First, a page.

What about next season? Howland needs more quality players. Signing super-sized, hotshot Jersey guard Kyle Anderson is a step in the right direction. Hopefully the coach can sign a few more of that calibre. And maybe he can do some good, old-fashioned coaching and help these current players reach their potential. If not, and there's another woeful season like this one, where the Bruins are barely NIT-worthy, maybe it's time for a new coach.

Tuesday, February 14, 2012

Jeremy Lin and The Race Card

New York Knicks' point guard Jeremy Lin's explosion to fame is a rosy, rags-to-riches story. Everybody likes to see an underdog make it. But underneath the sugar-coating, the inspirational, feel-good story, is some plain, old-fashioned racism.

Quite simply, Lin was overlooked for so long because nobody wanted to gamble on a Asian player. That was definitely the case when he was trying to get into college.

Racial stereotyping is something college coaches don't talk about honestly. But two scouts who funnel players into colleges, often with under-the-table deals, do. They remember Lin very well, when he was a very talented player in high school in Palo Alto, Calif.

Recalled one scout: "He was a good shooter and he could pass and he had decent size. You look for good floor vision and he had that. He was quick enough and he had good moves to the basket. His defense was pretty good. He was coachable--real smart and learned quickly. He wasn't athletic, like some of the black kids, but his quickness and smarts made up for that.

"A lot of kids who weren't as good as Lin got scholarships. He got killed by racial stereotyping. He could have played in the Pac 10 or the WAC or a lot of conferences. He was good enough for somebody to take a chance on. Hell, he played in Stanford's backyard and he's smart enough to get in the school. They were stupid not to sign him."

What haunted Lin, said one of the scouts, was the perception that, because he's Asian, he can't be a good player. "The coaches said they didn't want to waste a scholarship on an Asian guy who's a pretty good player.They would say they had nothing against Asians. It wasn't that they didn't like Asians. It's just they didn't think an Asian could turn into a good college player. Nobody could point to a great Asian player in college or the pros. Nobody could see him turning into a really good player.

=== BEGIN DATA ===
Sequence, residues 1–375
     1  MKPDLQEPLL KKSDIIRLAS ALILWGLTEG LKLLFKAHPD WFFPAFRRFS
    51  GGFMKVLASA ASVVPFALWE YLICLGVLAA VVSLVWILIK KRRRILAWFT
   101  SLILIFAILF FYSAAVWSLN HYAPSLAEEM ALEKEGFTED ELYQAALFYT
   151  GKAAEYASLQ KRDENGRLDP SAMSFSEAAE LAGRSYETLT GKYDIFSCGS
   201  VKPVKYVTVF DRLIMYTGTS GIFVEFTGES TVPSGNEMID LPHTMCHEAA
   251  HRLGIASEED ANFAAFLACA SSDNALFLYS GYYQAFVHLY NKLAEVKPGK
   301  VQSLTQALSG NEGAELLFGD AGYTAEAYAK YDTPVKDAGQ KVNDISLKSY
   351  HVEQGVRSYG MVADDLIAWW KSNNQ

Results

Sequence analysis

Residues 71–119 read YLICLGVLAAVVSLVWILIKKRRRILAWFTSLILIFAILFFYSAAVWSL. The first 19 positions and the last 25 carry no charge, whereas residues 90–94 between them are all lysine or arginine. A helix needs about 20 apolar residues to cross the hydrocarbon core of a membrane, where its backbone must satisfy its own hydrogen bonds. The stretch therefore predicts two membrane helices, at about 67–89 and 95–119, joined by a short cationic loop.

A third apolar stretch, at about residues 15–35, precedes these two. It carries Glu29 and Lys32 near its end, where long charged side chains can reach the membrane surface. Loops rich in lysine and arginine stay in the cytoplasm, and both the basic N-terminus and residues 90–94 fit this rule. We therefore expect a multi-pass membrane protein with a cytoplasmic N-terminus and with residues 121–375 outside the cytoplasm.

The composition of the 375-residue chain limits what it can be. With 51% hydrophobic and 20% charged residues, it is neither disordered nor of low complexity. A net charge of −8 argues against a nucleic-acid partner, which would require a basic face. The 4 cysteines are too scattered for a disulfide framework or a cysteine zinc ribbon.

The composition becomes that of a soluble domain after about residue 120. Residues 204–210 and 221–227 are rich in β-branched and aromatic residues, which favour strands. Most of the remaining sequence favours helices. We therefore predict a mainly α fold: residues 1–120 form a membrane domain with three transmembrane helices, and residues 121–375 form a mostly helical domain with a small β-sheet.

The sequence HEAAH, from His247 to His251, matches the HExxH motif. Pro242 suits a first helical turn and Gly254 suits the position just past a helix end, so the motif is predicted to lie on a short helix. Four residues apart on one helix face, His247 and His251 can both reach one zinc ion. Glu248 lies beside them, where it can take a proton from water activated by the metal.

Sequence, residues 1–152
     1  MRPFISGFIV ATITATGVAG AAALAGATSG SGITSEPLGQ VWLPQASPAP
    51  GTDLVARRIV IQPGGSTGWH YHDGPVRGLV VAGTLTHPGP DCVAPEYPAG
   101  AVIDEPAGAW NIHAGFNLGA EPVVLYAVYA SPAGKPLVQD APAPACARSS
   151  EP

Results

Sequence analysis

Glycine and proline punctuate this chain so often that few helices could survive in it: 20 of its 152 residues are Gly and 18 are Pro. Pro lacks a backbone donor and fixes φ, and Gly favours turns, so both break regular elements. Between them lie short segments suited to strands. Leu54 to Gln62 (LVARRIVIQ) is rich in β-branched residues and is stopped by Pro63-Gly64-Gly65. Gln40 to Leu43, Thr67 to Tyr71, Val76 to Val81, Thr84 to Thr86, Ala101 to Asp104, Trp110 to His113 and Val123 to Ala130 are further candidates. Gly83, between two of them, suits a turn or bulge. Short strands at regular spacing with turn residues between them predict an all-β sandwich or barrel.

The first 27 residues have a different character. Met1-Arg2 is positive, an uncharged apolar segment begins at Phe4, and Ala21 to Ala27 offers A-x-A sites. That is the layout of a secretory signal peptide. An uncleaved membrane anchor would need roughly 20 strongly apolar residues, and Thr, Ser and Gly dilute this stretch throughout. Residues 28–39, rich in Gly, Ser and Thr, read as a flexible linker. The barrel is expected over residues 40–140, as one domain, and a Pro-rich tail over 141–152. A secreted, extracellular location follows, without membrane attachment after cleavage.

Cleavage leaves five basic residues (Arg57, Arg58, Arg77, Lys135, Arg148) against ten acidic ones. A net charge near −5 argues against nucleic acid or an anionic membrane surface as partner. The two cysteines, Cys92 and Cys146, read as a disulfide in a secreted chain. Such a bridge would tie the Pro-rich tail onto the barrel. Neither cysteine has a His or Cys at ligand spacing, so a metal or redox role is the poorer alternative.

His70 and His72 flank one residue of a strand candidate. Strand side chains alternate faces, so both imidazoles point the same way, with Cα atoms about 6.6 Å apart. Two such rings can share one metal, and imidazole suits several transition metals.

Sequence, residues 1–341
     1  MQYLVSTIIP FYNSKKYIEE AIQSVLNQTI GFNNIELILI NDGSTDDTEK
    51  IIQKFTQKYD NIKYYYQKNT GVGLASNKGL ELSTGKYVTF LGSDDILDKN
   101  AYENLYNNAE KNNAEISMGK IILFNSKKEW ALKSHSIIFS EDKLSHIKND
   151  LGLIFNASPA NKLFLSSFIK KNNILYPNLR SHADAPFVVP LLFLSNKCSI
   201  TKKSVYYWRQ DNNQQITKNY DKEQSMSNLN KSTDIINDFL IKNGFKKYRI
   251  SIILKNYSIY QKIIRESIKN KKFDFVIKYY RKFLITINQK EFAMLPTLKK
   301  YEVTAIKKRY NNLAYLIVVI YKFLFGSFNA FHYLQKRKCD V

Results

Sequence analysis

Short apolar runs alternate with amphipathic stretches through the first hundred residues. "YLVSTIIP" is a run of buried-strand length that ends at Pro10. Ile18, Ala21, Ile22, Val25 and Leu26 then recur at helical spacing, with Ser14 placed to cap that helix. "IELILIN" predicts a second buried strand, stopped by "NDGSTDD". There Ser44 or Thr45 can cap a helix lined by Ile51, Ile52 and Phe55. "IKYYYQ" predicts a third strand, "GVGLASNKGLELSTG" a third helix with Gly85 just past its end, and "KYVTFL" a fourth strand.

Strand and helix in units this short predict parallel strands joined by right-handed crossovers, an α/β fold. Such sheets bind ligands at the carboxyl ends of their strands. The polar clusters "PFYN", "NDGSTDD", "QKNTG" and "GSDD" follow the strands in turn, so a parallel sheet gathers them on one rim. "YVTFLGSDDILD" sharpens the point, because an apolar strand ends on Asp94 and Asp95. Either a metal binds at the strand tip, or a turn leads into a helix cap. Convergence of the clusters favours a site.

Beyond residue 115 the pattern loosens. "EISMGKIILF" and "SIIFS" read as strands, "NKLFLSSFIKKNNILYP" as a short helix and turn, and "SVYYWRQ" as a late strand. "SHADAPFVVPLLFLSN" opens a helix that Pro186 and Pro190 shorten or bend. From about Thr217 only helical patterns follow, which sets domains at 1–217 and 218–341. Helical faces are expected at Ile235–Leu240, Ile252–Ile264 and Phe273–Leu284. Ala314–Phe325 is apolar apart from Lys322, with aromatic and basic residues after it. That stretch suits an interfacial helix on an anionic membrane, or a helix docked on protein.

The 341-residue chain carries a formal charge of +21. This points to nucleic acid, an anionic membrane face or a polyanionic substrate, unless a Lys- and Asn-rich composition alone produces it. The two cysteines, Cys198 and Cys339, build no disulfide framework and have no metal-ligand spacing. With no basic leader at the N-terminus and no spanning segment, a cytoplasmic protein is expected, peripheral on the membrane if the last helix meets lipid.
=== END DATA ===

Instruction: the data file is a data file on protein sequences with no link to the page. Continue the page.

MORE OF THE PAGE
"Here's the point. If he's the Asian Michael Jordan that's different. If he's a great player, nobody cares what color he is. But back then, he was just a good player. If he was white, with the same skills, somebody would have taken a chance on him. You saw plenty of white guys like him in college ball. But no Asians. Because he's Asian, nobody wanted to take a chance on him."

Since each school has so few, basketball scholarships are gold. Coaches don't want to  make a mistake. "Lin was a gamble that nobody wanted to make," explained one scout. "Coaches love stats. Show me one great Asian player, they'd say. Nobody could do that. Yao Ming (the Houston Rockets' center) would come up but everybody said he didn't count. They said he was freak because he was so tall and he wasn't a guard, so he didn't belong in the argument."

So Lin wound up at Harvard which, like all Ivy League schools, doesn't offer athletic scholarships and would covet a bright, skilled player like him. He merely added another stereotype to his resume. Not only is he an Asian but he also comes from a conference that has produced just a handful of pro players.

Concluded one of the scouts: "Going to Harvard made it even tougher for him to get to the pros. But he was a gutty, gritty kid. He was a smart kid who would go through a brick wall to get what he wanted. You could see that quality in him then. That's why he's setting the world on fire now."

Monday, February 13, 2012

Linsanity? Is It Doomed?

Jeremy Lin, the Chinese-American, Harvard-educated, New York Knicks point guard who's been a national sensation lately, is worn out.

Fatigue whipped him in the second half of the Minnesota game on Saturday. His legs were dead. That was clear from his second-half stats--one basket in 12 shots, after hitting 7 out of 12 in the first half. Without leg strength to elevate, jump shots go awry--and his certainly did. Three-point shooting is the real weakness in his game. He's only 3 for 17 during the Linsanity streak. In the second half of the Minnesota game he was really off target.

But Lin did score 20, guiding the Knicks (13-15), who were circling the drain not too long ago, to their fifth straight win since he's become their main point guard. The Minnesota game, which followed Friday's Laker contest, was his first back-to-back effort as a starter. Back-to-backs are tough. Playing many more minutes than he's used to finally caught up with Lin. Remember, a short while ago he was off the radar screen, buried in the minor leagues, in Erie, Pa. So playing starter's minutes, particularly in the back-to-back grind in the majors, takes some adjustment.